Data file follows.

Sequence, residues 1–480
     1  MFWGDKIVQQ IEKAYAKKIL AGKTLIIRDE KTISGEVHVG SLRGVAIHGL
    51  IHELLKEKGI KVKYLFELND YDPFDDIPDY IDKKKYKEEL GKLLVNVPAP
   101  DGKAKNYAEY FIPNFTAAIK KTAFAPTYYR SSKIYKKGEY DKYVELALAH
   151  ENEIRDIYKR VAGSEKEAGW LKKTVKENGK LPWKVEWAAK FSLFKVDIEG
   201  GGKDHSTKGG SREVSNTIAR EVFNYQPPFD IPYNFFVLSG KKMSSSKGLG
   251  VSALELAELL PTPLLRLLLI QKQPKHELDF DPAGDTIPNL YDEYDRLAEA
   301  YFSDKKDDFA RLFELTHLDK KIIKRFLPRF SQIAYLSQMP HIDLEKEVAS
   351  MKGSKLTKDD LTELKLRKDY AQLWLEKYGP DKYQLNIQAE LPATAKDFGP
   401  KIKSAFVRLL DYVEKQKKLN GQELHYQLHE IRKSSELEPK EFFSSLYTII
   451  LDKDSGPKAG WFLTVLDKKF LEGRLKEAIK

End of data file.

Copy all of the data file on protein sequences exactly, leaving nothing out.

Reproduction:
Sequence, residues 1–480
     1  MFWGDKIVQQ IEKAYAKKIL AGKTLIIRDE KTISGEVHVG SLRGVAIHGL
    51  IHELLKEKGI KVKYLFELND YDPFDDIPDY IDKKKYKEEL GKLLVNVPAP
   101  DGKAKNYAEY FIPNFTAAIK KTAFAPTYYR SSKIYKKGEY DKYVELALAH
   151  ENEIRDIYKR VAGSEKEAGW LKKTVKENGK LPWKVEWAAK FSLFKVDIEG
   201  GGKDHSTKGG SREVSNTIAR EVFNYQPPFD IPYNFFVLSG KKMSSSKGLG
   251  VSALELAELL PTPLLRLLLI QKQPKHELDF DPAGDTIPNL YDEYDRLAEA
   301  YFSDKKDDFA RLFELTHLDK KIIKRFLPRF SQIAYLSQMP HIDLEKEVAS
   351  MKGSKLTKDD LTELKLRKDY AQLWLEKYGP DKYQLNIQAE LPATAKDFGP
   401  KIKSAFVRLL DYVEKQKKLN GQELHYQLHE IRKSSELEPK EFFSSLYTII
   451  LDKDSGPKAG WFLTVLDKKF LEGRLKEAIK